Year Released: 2004
MPAA Rating: Unrated
Running Time: 100 minutes
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It’s a shame that it takes a near death experience to motivate some people to tap into their creative skills before it and they are gone. But that’s how it goes. Sometimes we need a jolt to wake us up and get us moving, making us realize that our natural born gifts are not to be taken for granted. But for those not planning on having a near death experience any time in the near future (who does?), Bill Rose’s “The Loss of Nameless Things” can also serve as that much needed jolt.
This documentary focuses on dangerously brilliant playwright Oakley Hall III who, through a near fatal fall from a bridge one late night, suffers brain damage and loses that special talent that had many revere the man as a true genius. The first half of the film, mostly composed of interviews with friends, family and colleagues of Oakley, depicts the man as a rising star, on his way to national recognition as a talented playwright and stage performer. We also learn of his moody behavior and his natural punk attitude. As these interviewees tell it, Oakley was the epitome of artistic genius.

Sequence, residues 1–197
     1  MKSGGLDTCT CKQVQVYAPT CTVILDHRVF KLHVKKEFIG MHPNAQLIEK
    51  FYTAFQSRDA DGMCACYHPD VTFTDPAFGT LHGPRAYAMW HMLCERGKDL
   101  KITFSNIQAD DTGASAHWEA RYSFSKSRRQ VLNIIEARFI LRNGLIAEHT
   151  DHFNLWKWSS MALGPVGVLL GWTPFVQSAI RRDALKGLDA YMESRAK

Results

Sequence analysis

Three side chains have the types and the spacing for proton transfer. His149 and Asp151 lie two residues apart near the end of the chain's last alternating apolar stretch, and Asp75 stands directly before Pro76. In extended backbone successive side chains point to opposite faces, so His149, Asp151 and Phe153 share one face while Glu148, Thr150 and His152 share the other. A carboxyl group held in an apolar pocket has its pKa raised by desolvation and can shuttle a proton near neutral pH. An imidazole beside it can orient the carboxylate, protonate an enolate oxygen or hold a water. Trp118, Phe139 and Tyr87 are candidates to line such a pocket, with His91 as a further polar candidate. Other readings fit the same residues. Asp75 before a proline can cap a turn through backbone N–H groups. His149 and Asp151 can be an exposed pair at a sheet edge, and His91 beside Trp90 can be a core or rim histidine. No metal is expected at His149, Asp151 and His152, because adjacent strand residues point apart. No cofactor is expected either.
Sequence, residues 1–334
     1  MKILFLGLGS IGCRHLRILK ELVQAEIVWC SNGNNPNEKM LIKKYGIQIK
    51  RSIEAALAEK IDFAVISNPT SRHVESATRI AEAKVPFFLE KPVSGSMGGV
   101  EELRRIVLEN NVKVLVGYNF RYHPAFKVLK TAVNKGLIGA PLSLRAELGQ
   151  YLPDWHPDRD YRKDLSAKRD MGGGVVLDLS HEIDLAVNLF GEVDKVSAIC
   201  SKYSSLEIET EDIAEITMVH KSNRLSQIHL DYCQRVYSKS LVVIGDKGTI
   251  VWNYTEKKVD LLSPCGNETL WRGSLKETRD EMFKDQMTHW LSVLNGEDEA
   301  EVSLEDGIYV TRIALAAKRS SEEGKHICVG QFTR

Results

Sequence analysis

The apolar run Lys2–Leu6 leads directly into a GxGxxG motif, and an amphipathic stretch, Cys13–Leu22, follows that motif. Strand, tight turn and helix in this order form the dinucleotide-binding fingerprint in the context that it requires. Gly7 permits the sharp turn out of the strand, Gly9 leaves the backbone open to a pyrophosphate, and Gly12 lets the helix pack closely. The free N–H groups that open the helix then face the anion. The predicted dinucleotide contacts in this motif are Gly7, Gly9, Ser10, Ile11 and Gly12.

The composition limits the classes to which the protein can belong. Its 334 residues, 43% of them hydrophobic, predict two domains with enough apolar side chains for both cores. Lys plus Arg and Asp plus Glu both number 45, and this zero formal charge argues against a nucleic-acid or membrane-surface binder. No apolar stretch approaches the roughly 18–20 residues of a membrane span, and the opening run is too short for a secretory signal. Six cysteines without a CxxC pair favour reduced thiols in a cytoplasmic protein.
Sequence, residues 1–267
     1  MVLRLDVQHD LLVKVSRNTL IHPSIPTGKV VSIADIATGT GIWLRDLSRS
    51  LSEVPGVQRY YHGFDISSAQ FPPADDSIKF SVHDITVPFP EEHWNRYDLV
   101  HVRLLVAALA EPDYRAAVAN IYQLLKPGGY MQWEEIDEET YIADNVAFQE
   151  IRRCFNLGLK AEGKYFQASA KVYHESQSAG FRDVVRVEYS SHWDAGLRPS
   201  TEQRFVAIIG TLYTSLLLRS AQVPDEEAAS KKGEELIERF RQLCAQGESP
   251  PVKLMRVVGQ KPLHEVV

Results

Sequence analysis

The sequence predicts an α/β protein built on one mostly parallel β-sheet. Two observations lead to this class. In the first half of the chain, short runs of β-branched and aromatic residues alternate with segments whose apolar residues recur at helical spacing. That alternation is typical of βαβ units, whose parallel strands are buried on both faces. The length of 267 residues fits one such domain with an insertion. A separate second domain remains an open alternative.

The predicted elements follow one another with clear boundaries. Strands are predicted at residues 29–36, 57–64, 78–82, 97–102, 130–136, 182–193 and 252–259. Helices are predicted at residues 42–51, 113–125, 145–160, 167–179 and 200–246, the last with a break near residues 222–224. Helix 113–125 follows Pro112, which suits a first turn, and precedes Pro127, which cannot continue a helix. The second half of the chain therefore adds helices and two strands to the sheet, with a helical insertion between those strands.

Then comes the story of the fall of 1978 and no one is really sure whether this fateful plunge was a slip, jump or a push – perhaps this question will never be answered. In any case, the fall crushed half of Oakley’s face and left him with severe brain damage. Through facial reconstruction, Oakley’s looks were somewhat restored, although many referred to him as Quasimodo in comparison to his once rugged good looks, but it’s what was going on inside that head of his that has been forever changed. Once a promising playwright, Oakley survived his spill only to have problems conveying thoughts and ideas verbally and the written word had become something almost impossible to construct. The old Oakley had vanished, replaced by this childlike character who seemed to barely know who he was or what was going on around him. He turned to drink and floated from job to job, ultimately finding his wife leaving him with their child. All seemed lost for the man until a new friend, who would eventually become his wife, took interest in Oakley and showed him the attention he needed in order to help him heal his damaged brain. Now, over 20 years after the tragic incident, Oakley seems to have his life together and appears to be a happier and gentler man than he ever was and he’s survived to see one of his works, the play he was working on the night of his fall, go into production by a Northern California theatre company.
This engrossing story is so fantastic that it almost seems unreal, but that doesn’t make it any less inspiring. Once again, it’s proven that truth is stranger than fiction.
Posted on July 6, 2005 in Reviews by Eric Campos
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